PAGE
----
Design of Hamadan Rug (Rugman)
|Original name||قالی همدان|
|Alternative name(s)||Hamadan Carpet (Mosul Rug)|
|Common designs||Afshan, Herati (Fish)|
|Common colors||Red, Blue, Navy Blue, Begie, Yellow, White, Orange, Cream|
|Dyeing method||Natural, Synthetic|
|Knot type||Symmetrical (Turkish)|
Hamadan carpet or Hamadan rug is a village, city rug that is woven in Hamadan Province, located in west of Iran. These rugs are employed symmetrical knots with cotton foundation and a wool pile. The designs of these rugs are Afshan, Herati and Fish, and the colors are Red, Blue, Navy Blue, Begie, Yellow, White, Orange, Cream.
Hamadan is the capital city of the Hamadan Province, located in western Iran. It is an ancient city that dates back close to IOOO BCE. Rugs and carpets woven in the villages, towns, and cities throughout Hamadan are known worldwide. The carpets of Hamadan are divided into two types, based on quality and weaving technique.
The first type is referred to as the village rug. Village Hamadans are known in the market from the mid-nineteenth century. They have geometric or semigeometric designs in allover, medallion, and Open Field styles. Early weavings were made in wool or cotton foundations with a thick wool pile. By the early twentieth century most villages switched to using a cotton foundation with a wool pile. The Turkish (symmetric) knot is always employed. The Hamadan village type is also called "Mosul" in the trade, because it was previously marketed in the town of Mosul in Iraq. mosuL RUGS made in Hamadan villages each have their own design characteristics, weave qualities, and pile height.
There are hundreds of active weaving sites in Hamadan Province. The most notable villages are Bibikabad, Borchalu, Borujerd, Darjazin, HosseinAbad, Injelas, Kabudar Ahang, Kolyai, Malayer, Mazlaghan, Mishan, Nehavand, Saveh, Tafresh, and Touserkan, as well as the districts of Khamseh and Mehraban. These villages are surrounded by many weaving locations that follow similar designs and coloration and are grouped under the main village name.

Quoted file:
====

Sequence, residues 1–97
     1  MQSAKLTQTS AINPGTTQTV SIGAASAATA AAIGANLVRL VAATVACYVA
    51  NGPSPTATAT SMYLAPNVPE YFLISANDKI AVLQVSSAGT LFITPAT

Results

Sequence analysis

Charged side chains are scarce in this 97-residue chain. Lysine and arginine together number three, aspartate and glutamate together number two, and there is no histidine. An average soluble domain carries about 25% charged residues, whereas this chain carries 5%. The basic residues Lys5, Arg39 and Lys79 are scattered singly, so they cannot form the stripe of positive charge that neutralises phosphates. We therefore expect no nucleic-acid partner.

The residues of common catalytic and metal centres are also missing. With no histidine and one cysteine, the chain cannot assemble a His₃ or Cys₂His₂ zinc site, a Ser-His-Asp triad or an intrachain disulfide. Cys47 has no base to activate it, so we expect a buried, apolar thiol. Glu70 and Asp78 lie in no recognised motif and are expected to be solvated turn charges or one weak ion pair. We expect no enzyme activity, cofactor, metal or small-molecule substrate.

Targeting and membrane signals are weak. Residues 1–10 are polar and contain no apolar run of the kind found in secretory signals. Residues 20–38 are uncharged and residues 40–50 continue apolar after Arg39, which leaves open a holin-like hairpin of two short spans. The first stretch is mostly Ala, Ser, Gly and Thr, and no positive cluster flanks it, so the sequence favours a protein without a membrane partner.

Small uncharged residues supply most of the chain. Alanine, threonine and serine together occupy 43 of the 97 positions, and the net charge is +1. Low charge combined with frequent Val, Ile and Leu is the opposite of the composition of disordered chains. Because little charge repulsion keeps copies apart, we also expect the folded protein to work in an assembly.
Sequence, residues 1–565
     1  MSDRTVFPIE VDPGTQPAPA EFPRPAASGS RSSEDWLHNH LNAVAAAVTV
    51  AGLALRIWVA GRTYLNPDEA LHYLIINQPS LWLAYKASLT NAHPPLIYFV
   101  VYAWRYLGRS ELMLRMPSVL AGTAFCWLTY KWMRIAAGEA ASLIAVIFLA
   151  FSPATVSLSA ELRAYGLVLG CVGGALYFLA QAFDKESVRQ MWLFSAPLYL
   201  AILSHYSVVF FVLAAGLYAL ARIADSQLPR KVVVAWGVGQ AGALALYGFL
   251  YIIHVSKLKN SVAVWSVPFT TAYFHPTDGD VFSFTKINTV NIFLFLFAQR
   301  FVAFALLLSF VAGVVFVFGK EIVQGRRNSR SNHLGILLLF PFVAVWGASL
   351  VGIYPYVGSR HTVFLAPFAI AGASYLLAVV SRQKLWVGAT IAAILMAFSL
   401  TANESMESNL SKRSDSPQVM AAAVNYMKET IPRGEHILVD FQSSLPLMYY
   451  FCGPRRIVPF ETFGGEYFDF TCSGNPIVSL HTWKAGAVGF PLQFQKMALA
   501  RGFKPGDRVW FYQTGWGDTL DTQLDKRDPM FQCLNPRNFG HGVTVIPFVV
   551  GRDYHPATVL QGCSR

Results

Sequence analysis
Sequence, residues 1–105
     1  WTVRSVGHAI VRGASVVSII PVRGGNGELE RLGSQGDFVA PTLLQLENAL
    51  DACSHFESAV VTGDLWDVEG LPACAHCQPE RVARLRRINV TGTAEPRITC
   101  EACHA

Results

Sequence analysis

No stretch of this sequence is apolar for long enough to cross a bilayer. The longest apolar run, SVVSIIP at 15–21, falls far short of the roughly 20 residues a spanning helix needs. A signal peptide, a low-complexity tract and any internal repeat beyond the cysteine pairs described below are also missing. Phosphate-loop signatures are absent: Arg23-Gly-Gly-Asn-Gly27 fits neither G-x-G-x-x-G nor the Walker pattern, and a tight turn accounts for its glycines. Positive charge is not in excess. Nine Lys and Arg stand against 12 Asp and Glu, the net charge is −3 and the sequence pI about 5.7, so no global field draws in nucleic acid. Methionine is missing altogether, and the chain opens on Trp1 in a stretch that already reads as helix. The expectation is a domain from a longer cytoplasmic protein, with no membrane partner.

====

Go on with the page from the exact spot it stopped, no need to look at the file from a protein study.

Beginning in the twentieth century Hamadan village rugs were marketed abroad, priced competitively with the Caucasian and Anatolian (Turkish) rugs of that era. Village Hamadan rugs were successfully exported in large quantities and continue to be so today.
The designs vary, and include either palmettes with leaves and vines, flower heads with a variety of animals, birds, and figures, Shrub and Vase motifs, and traditional Boteh (paisley) and Herati (fish) motifs. At times, these designs have primitive tribal ornamental motifs woven in the background and borders. Some villages are known to have their own conventional open-field design and center-medallion layouts.
The coloration for the backgrounds is mostly red or dark blue; a small percentage are woven in ivory. In addition to these colors, different shades of blue, brown, camel, gray, orange, and green were used for the borders and design elements.
Hamadan village rug formats range from small bag face rugs to approximately seven feet by five feet; on occasion, room-size carpets are produced. Runners and gallery sizes are woven in a variety of lengths. Old runners with camel hair or camel color fields were made in the villages of the Mehraban district and are often confused with Sarab rugs. After World War II some Hamadan villages expanded the size of their looms in order to weave room-size carpets on a more consistent basis. Hamadan village rugs are generally medium to fine in grade quality. The second Hamadan type is the city-weave carpet. Hamadan city carpets were made after World War I and are named Shahr Boft in Farsi, which means, "city-woven." These carpets have a cotton foundation with a wool pile woven using the Turkish (symmetric) knot. The carpets are made tightly, with a double weft and a high pile. They are durable and heavy. The designs are floral, typically in a medallion style with palmette, leaves, and vines in the field and borders. These high-pile carpets were suitable for the North American market. American carpet dealers named them Kazvin, after a city located sixty miles (96.5 km) from Hamadan, for better marketing purposes. Kazvin was better known for making quality carpets from the early twentieth century until the Depression era. In Europe Shahr Boft Hamadans were called "Alvand," after a well-known local mountain.
In the 1960s the city of Hamadan began to weave French Savonnerie Carpets designs, which were fashionable in the American market. The Hamadan Savonnerie designs were woven in large quantities and in less-expensive qualities. American dealers continued to market these city carpets as Kazvin-made.
Hamadan Shahr Boft carpets usually have red or ivory backgrounds, with a small percentage woven in dark blue. These colors are interchangeable for the borders and medallion. In addition to these colors, blues, gold, greens, grays, orange, and browns were used for the flowers and other design elements. The carpets were woven in standard American sizes, ranging from approximately nine feet by six feet to eighteen feet by twelve feet. Hamadan Shahr Boft carpets are generally medium to good in grade quality. The province of Hamadan has enjoyed world-wide renown for its enormous carpet production beginning in the early twentieth century. The weaving industry there has had a significant effect on the local economy and continues to greatly improve the lifestyle of weavers and their families.
- Moheban, 2015, 222-223
- Abraham Levi Moheban. 2015. The Encyclopedia of Antique Carpets: Twenty-Five Centuries of Weaving. NewYork: Princeton Architectural Press.